by Jeff Sykes

Items from across the Triad and beyond


The city of Winston-Salem will begin recognizing LGBT out-of-state marriage licenses for city employees and extend employee benefits to their families.

The new policy reads: “This means that if you are currently married to someone of the same sex, and have a valid marriage license from any State or U.S. jurisdiction, you can enroll your same sex spouse and children in all City benefits including but not limited to medical, dental, flexible spending accounts (FSAs) and life insurance. You would also be able to use FMLA to care for your same sex spouse and children.”

The city’s policy conflicts directly with Amendment One, which places a ban on same-sex marriages and civil unions. Attorney General Roy Cooper has stated he will no longer uphold Amendment One due to the expectation that it will eventually be struck down, just as Virginia’s law was. His spokesperson Noelle Talley did not return calls.

Rev. Jasmine Beach-Ferrara, the director of the LGBT rights group Campaign For Southern Equality said the city’s decision is important because it helps employees immediately. “It’s very significant to see leadership from a local municipality that’s saying in this context we believe there’s grounds to recognize out of state licenses,” she said.

“It signals that the city is recognizing and treating LGBT employees as people.” Beach-Ferrara said she is hopeful cities around the state will look to Winston-Salem as a model city for making similar policies.


The city of Winston-Salem is considering a ban on skateboarding in the Wake Forest Innovation Quarter after receiving notifications that skateboarders were causing structural damage to the area. City council members discussed the issue at Monday’s Public Safety Committee meeting.

“I believe the real issue is how we provide service to those who skateboard,” councilman James Taylor Jr said at the meeting.

Councilwoman Denise Adams said she understood the coSkateboarding is currently banned in the city’s Central Business District, but not the Central Industrial District which is where the Innovation Quarter is located. The current city code states that “it shall be unlawful for any person to coast on a sled, coaster express wagon or toy wagon or move or skate on any roller skates, skateboard or other similar device upon any public street, right-of-way, sidewalk, park or other public property located in the central business district of the city as shown on the official zoning map of the city adopted as part of the city zoning ordinance by the city council.”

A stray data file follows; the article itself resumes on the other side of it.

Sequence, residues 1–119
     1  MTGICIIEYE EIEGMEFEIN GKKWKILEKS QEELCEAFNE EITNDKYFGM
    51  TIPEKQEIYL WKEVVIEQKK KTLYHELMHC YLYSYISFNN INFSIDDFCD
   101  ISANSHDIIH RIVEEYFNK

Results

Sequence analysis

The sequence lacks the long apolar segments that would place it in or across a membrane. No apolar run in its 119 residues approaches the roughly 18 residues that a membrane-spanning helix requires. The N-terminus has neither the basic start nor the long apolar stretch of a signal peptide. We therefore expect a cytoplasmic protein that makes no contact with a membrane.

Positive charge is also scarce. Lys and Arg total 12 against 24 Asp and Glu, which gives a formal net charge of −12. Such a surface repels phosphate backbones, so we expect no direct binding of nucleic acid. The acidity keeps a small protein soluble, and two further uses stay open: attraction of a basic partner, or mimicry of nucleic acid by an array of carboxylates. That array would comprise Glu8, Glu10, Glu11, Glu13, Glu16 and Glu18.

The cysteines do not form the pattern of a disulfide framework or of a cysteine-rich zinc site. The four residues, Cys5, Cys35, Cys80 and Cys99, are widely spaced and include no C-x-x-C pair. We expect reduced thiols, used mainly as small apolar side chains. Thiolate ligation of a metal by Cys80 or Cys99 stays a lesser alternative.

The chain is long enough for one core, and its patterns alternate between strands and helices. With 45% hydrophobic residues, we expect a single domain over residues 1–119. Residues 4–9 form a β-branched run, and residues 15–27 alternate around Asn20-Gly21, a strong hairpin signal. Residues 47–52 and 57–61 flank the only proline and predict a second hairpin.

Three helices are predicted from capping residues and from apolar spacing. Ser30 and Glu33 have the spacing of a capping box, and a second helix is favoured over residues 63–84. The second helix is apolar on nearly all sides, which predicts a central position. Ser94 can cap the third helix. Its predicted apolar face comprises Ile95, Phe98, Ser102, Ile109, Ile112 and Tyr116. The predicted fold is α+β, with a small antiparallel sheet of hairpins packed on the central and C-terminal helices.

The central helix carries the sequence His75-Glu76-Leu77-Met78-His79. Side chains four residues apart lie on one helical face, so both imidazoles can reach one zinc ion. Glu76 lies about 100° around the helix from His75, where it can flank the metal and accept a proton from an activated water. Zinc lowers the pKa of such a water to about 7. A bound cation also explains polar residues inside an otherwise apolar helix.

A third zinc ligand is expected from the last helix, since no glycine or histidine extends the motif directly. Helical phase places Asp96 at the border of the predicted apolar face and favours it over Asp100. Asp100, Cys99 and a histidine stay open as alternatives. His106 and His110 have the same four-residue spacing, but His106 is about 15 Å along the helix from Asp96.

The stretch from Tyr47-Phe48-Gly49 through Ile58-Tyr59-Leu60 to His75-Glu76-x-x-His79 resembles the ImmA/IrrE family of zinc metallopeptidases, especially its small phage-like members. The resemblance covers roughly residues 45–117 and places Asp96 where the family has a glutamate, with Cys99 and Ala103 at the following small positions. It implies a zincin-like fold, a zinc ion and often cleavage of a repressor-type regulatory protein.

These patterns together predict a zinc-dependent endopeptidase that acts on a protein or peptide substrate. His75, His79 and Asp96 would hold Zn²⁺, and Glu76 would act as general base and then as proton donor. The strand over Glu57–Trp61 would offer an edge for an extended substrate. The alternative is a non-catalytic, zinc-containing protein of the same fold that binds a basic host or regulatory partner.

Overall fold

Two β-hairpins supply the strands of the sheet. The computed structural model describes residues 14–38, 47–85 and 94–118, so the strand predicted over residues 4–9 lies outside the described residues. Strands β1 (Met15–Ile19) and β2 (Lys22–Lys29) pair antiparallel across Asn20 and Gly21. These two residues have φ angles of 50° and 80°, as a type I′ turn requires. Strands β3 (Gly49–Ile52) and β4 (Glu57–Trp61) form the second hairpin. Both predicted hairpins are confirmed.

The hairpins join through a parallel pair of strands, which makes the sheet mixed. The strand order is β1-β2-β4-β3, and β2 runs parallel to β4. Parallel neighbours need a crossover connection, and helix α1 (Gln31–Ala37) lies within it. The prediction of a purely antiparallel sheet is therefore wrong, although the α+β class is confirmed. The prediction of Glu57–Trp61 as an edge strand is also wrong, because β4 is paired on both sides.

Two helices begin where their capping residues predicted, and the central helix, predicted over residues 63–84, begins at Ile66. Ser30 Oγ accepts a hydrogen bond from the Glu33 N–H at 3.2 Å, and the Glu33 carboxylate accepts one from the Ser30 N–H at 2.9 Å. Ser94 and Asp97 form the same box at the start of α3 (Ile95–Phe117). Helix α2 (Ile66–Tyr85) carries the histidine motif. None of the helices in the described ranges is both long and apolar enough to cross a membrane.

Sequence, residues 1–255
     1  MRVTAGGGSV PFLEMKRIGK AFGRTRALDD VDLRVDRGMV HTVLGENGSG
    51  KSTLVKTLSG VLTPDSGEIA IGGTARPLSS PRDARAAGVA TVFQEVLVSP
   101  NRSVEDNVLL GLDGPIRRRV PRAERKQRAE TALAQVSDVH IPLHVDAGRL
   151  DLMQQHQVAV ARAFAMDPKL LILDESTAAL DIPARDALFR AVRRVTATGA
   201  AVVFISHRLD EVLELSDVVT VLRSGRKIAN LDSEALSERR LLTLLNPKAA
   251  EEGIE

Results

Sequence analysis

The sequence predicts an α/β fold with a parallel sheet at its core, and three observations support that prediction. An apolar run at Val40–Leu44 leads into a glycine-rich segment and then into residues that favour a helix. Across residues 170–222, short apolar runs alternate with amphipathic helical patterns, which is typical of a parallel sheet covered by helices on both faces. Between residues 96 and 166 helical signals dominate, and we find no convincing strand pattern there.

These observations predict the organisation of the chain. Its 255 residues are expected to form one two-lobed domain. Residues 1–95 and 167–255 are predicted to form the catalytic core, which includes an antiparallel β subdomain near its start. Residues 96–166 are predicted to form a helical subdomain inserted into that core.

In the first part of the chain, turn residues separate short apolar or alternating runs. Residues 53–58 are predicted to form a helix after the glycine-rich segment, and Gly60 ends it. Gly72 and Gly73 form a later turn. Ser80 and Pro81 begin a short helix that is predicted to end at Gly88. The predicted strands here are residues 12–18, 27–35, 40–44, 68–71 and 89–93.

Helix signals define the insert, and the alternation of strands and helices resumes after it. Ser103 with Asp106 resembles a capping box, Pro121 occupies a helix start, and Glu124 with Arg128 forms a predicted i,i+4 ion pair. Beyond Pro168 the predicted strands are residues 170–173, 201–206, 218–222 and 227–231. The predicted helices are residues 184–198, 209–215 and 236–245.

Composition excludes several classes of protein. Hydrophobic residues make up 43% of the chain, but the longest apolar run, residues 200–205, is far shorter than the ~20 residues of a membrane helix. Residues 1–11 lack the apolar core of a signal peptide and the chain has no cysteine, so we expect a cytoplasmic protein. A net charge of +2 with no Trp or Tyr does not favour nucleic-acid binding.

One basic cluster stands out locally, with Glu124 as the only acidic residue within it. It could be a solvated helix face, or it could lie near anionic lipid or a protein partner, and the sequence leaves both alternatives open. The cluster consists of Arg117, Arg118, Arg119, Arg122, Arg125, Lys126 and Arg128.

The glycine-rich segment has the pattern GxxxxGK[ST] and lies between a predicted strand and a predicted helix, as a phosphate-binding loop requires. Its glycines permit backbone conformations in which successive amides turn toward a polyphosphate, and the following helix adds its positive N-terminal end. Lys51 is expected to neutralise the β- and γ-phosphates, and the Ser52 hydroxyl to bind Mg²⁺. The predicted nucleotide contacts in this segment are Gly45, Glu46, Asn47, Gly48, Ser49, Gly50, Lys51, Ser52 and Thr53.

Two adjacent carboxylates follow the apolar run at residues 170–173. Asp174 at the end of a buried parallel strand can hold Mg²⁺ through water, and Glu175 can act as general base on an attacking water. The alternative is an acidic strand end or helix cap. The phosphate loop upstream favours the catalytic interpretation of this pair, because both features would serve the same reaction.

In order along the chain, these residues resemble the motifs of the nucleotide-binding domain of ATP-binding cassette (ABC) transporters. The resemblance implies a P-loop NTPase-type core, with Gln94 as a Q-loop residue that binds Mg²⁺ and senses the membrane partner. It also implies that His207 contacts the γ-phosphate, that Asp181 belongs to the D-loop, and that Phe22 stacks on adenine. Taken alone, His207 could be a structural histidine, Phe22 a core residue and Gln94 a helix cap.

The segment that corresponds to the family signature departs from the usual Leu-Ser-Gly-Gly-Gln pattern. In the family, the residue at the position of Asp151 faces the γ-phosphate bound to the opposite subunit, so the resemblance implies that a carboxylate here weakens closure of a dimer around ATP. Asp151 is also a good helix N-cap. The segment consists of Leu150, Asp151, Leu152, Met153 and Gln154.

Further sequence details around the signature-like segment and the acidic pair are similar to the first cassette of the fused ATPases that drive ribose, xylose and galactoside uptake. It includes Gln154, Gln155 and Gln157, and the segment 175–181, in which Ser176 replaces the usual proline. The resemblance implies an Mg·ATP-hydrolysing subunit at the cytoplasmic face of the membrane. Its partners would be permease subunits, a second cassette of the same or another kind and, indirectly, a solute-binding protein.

Innovation Quarter President Eric Tomlinson said one of the main concerns is that the damage left by the skateboarders may lead to a future degradation in outside investment.

Councilman Jeff Macintosh said he is in favor of amending the code to include the Innovation Quarter but does not think it will prevent skateboarding. He said a better approach which has succeeded in the past in maintaining a dialogue with the skateboarding community.

The committee did not take any action but will discuss the issue further at their October meeting.


South Elm Development Group partner Bob Chapman told members of the Greensboro Redevelopment Commission on Wednesday that a public meeting has been scheduled to give residents updates on the Union Square Campus.

The meeting is broken into two time slots on Sept. 30 at the Little Theater on the campus of Bennett College.

The first session will be held from noon to 1:30 p.m., with a second session scheduled for 5:30 p.m. to 7:00 p.m.

Architect Ken Mayer of Moser, Mayer, Phoenix will be on hand to discuss the recently publicized design concept for Union Square Campus.

Other partners present include the Downtown Greenway and the city of Greensboro.

An announcement from the SEDG sent via email said that attendees will hear project updates and contracting opportunities, in addition to seeing design images.

The continuation of the Downtown Greenway will also be discussed, the announcement said. !